~100 cases have been reported; this may increase with improved awareness of the condition.

Age at onset
3 to 20 months; peak at 5 to 6 months.

Males = females in the non-familial form but more females are reported in the familial cases.

Neurological and mental status

The familial form is most likely autosomal dominant disorder with genetic heterogeneity (chromosomes 19q, 16, or 2).

Clinical manifestations
Diurnal focal seizures of motion arrest, decreased responsiveness, staring, eye and head deviation, simple automatisms, and mild clonic movements. They may or may not progress to generalized convulsions. Alternating from one side to the other side is common. Duration is usually short, from 30 sec to 3 min. They occur in clusters of a maximum of 8 to 10 per day for 1 to 3 days and may recur after 1 to 3 months.

Diagnostic procedures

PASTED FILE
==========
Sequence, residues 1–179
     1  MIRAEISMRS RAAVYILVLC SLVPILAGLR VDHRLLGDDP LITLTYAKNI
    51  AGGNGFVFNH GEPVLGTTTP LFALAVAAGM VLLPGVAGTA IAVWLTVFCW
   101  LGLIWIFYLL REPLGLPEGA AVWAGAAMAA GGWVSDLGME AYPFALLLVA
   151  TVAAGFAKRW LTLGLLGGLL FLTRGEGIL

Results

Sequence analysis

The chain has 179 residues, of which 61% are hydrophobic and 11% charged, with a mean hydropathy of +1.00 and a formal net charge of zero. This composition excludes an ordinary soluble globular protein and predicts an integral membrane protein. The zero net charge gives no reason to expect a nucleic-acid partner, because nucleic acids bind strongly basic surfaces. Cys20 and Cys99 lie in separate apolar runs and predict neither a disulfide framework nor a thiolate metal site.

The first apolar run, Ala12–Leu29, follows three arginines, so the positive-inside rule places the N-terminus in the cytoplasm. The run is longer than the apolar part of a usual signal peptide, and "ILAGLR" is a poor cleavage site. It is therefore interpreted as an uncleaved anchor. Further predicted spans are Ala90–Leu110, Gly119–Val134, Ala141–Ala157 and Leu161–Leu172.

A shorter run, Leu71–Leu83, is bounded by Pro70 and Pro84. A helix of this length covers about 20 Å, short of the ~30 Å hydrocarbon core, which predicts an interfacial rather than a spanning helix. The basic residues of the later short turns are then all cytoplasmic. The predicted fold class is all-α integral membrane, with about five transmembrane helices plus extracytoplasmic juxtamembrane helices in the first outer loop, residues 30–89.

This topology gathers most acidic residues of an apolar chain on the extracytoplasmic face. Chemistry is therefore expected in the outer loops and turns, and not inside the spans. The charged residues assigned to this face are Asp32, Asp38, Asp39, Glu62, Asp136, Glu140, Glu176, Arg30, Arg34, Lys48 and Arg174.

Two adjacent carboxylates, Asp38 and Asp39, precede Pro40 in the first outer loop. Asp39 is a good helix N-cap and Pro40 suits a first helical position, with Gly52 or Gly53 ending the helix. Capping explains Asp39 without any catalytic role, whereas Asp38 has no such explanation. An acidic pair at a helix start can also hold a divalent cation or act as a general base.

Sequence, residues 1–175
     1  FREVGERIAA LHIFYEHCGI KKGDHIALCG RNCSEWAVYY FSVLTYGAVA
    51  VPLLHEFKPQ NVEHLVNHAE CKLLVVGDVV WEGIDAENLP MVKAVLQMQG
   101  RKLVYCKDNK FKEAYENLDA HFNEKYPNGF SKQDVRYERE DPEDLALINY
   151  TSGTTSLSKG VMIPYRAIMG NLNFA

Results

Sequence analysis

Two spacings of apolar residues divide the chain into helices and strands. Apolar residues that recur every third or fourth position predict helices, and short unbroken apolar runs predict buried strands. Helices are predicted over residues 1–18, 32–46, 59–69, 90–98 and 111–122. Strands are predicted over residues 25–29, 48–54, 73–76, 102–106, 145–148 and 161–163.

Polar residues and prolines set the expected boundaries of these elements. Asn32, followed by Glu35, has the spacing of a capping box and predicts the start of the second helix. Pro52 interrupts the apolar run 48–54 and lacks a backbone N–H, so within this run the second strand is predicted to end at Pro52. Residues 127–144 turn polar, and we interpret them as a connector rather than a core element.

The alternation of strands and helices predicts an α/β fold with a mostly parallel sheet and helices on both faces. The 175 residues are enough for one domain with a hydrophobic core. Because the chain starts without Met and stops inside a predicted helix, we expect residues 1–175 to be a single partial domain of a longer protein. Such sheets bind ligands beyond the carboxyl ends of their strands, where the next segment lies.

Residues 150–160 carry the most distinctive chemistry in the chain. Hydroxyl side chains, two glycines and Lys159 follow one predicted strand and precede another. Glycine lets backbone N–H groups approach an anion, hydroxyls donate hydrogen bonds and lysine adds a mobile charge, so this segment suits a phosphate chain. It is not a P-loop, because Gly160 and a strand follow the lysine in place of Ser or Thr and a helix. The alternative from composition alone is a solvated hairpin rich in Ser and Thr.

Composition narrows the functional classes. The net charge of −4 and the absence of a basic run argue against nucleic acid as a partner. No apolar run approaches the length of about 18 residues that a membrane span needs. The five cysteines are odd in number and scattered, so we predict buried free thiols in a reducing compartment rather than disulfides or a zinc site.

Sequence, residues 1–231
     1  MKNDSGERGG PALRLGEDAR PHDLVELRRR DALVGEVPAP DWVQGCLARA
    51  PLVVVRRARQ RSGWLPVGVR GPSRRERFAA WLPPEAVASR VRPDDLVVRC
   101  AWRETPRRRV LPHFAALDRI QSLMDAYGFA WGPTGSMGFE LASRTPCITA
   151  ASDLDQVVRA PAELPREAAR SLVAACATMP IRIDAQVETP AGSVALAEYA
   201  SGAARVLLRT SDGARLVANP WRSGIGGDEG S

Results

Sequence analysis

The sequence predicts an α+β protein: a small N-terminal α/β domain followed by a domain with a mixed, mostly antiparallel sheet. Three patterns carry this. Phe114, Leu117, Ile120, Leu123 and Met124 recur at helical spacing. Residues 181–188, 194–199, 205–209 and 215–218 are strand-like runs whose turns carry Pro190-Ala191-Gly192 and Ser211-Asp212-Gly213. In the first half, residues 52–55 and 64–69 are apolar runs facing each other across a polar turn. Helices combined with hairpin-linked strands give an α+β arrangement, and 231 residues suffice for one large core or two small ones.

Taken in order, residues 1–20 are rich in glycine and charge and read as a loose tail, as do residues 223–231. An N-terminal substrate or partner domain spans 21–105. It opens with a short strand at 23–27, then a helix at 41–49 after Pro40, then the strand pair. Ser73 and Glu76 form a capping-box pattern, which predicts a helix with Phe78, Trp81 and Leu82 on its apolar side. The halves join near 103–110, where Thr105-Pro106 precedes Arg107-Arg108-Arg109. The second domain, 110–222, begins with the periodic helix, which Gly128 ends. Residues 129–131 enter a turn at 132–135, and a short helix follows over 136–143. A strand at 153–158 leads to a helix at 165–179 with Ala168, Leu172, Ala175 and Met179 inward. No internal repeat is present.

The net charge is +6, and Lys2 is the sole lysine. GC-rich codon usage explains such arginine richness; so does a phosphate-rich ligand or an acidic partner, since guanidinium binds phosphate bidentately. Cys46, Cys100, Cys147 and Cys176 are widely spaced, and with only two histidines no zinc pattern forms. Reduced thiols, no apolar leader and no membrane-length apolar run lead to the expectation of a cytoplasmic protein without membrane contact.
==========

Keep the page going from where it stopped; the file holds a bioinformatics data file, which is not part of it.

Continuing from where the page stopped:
All relevant tests are normal.

Inter-ictal EEG

Ictal EEG
Focal discharges.

Excellent, with normal development and complete seizure remission.

Differential diagnosis
Difficult in sporadic form that requires long follow-up.

Management options
In the active seizure period, empirical drug treatment is usually effective. This is usually withdrawn after 1 to 3 years.

This section was adapted from:

The educational kit on epilepsies: The epileptic syndromes By C. P. Panayiotopoulos Originally published by MEDICINAE, 21 Cave Street, Oxford OX4 1BA First published 2006 and reprinted in 2007. The Educational Kit on Epilepsies was produced through an unrestricted educational grant from UCB Pharma SA. UCB Pharma SA assumes no responsibility of the views expressed and recommended treatments in these volumes.

Authored By: 
C. P. Panayiotopoulos MD, PhD, FRCP
Authored Date: 
Reviewed By: 
Steven C. Schachter MD
Sunday, June 1, 2008